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Most cycle computers have a means to enter tire circumference so as to obtain accurate speed and distance metrics.
The best way to check tire circumference is to sit on the bike and roll along next to a long measuring tape:
- Point the tire valve at the “0” mark on the tape measure.
- While keeping all your weight on the seat in a semi-normal riding position, maneuver the bike in a straight line along the tape.
After four (4) revolutions, I get the distance to the 1/2", then divide by 4 and convert to millimeters.
GPS-based systems don’t need tire circumference, but in my experience they are very inaccurate for riding where there are close-linked turns and/or heavy tree cover (e.g. mountain biking). I always prefer a bike computer that gives me speed and distance by a speed sensor; I have observed ridiculous errors with GPS, especially for speed (e.g. 3 mph instead of 8 mph!).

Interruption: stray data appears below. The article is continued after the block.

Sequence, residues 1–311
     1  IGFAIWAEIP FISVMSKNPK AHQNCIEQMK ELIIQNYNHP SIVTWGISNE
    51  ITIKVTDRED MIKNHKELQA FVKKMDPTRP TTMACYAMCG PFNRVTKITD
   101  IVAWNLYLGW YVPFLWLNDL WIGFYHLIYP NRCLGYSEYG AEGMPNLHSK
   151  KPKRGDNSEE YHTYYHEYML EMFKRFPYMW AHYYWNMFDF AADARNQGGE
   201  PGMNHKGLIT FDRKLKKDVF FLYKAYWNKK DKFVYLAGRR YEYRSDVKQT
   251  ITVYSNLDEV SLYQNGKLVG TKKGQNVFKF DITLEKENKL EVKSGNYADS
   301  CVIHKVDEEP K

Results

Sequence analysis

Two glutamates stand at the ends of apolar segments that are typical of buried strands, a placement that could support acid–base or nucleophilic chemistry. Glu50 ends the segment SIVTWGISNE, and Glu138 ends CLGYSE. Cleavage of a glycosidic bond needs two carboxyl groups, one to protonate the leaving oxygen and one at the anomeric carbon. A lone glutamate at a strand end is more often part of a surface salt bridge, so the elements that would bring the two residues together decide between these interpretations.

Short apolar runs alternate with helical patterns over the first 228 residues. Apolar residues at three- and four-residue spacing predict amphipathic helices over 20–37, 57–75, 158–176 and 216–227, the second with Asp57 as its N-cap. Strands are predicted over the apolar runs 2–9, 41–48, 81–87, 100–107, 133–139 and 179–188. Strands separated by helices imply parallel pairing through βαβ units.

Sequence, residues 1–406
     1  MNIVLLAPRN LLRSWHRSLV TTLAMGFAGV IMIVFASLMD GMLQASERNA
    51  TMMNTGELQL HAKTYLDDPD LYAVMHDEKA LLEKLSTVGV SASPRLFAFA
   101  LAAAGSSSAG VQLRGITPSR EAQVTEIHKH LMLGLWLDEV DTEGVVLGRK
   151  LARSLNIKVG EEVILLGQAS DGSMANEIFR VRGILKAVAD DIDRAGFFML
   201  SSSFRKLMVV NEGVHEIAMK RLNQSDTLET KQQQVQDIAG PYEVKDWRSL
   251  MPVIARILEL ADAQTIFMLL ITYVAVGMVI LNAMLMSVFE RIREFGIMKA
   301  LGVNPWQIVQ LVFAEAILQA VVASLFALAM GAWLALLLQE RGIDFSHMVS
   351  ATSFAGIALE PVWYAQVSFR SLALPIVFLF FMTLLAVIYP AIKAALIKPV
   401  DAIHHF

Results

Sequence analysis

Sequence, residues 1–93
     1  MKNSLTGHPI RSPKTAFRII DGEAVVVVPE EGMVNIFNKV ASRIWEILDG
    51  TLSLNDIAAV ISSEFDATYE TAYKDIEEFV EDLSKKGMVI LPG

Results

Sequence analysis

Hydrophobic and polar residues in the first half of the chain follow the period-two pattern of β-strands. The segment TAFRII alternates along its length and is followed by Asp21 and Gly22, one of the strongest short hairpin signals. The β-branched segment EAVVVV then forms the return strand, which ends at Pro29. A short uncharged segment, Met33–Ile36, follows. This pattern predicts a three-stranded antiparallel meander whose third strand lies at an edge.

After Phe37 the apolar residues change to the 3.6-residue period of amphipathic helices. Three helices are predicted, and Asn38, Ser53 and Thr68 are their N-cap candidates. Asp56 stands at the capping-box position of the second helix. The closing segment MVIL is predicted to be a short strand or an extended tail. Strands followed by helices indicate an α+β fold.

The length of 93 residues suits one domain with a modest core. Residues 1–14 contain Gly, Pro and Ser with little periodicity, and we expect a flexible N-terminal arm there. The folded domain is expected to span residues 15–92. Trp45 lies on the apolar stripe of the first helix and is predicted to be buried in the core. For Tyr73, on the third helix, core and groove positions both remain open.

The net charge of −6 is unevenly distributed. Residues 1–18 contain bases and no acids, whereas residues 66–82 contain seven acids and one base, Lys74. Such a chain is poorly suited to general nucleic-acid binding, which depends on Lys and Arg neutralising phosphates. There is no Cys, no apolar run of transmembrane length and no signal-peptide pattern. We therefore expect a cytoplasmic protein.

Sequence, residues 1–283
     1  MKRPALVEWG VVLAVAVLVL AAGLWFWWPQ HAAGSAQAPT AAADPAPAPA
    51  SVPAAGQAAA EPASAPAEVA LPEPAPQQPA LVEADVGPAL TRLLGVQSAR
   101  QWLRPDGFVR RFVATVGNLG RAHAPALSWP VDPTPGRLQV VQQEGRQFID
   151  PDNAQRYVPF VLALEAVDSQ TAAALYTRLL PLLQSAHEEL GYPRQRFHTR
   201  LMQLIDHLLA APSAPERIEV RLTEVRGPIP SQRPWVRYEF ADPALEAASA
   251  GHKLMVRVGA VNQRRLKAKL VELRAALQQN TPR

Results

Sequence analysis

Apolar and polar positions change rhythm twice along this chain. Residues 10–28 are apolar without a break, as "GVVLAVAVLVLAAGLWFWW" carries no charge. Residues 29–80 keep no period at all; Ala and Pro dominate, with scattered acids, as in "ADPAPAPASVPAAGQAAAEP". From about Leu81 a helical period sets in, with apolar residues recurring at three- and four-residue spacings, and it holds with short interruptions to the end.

OWC Drive Dock for backup drives or extra storage.
USB-C about $119
USB 3.1 about $75
Thunderbolt 2 + USB about $180
I measured these values on my road bike:
Veloflex Record tubular 700 X 22C @ 120 psi: 2098 mm Schwalbe Ultremo ZX 700 X 28C @ 90 psi: 2124 mm
The difference is small at only 1.2% for the 700 X 22C vs the 700 X 28C, but that is 1.2 miles during a century, which becomes more and more significant if navigating turns denoted by a mileage mark. And if the turns are only 1/4 mile apart, even at the 25 mile mark, the error exceeds the gap between the turns! This can be very confusing in a city area with turns every 100 yards. So it is worth being accurate.